The findings come in a poll of around 2,000 working parents of children aged four to 16, commissioned by Kellogg's.

It also concludes that some youngsters would be more likely to start school hungry if there was not a club available to give them a meal, while some parents say the lack of such a group would mean they would have to stop working.

The poll reveals that 17% of parents said their children would be left unsupervised for some part of the morning without their breakfast club, while nearly one in 10 (9%) admitted their sons and daughters would be less likely to get breakfast.

Around three in 10 (29%) said that they or their partner would have to stop working if their child could not attend a breakfast club and 15% said they would not be able to afford alternative childcare for their child in the morning while they were working.

Amongst families with children aged four to 11 and an income of less than £40,000, almost one in four (23%) said that their youngsters would be left alone for part of the morning.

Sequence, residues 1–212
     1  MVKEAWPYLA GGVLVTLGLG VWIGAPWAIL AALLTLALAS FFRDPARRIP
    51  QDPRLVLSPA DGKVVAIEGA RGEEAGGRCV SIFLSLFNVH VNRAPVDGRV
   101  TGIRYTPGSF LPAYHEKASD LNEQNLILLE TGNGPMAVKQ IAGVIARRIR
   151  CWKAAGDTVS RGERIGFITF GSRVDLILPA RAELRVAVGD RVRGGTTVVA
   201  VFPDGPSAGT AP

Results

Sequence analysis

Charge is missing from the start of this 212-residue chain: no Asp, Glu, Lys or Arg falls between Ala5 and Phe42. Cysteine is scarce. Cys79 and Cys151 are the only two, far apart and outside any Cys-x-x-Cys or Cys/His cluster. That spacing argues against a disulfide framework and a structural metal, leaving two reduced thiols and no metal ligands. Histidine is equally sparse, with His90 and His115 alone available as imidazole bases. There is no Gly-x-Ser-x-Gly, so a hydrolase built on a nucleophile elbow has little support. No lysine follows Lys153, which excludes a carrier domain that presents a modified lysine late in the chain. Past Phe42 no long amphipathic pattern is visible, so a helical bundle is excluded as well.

The poll also found that nearly a quarter (24%) of working households use pre-school breakfast clubs to drop off primary school children before the bell goes so that they can get to work on time.

It also suggests that working parents who do not have access to a pre-school club have had to take measures such as arranging flexible working hours, taking a pay cut or putting their career on hold.

Paul Wheeler, a Kellogg's director, said: "For millions of parents in Britain, having access to a breakfast club helps them do the basics - keep down a job. But, with school budgets squeezed, it's more important than ever that breakfast clubs stay open."

The YouGov poll questioned 2,000 working parents with children aged four to 16 between January 27 and February 10.